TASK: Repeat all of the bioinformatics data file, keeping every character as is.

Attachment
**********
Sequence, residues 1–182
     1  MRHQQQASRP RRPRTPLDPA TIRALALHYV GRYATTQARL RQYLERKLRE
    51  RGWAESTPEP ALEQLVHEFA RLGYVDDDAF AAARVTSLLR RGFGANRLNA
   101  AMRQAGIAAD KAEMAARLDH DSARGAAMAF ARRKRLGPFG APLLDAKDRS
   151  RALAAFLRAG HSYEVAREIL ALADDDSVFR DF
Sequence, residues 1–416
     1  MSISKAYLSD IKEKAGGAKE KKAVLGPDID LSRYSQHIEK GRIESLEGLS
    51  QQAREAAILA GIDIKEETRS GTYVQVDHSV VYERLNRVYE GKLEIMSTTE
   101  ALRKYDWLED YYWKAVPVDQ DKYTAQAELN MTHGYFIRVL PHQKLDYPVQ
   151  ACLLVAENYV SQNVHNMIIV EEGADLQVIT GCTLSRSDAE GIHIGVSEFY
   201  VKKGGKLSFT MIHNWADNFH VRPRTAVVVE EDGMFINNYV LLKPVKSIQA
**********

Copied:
Sequence, residues 1–182
     1  MRHQQQASRP RRPRTPLDPA TIRALALHYV GRYATTQARL RQYLERKLRE
    51  RGWAESTPEP ALEQLVHEFA RLGYVDDDAF AAARVTSLLR RGFGANRLNA
   101  AMRQAGIAAD KAEMAARLDH DSARGAAMAF ARRKRLGPFG APLLDAKDRS
   151  RALAAFLRAG HSYEVAREIL ALADDDSVFR DF
Sequence, residues 1–416
     1  MSISKAYLSD IKEKAGGAKE KKAVLGPDID LSRYSQHIEK GRIESLEGLS
    51  QQAREAAILA GIDIKEETRS GTYVQVDHSV VYERLNRVYE GKLEIMSTTE
   101  ALRKYDWLED YYWKAVPVDQ DKYTAQAELN MTHGYFIRVL PHQKLDYPVQ
   151  ACLLVAENYV SQNVHNMIIV EEGADLQVIT GCTLSRSDAE GIHIGVSEFY
   201  VKKGGKLSFT MIHNWADNFH VRPRTAVVVE EDGMFINNYV LLKPVKSIQA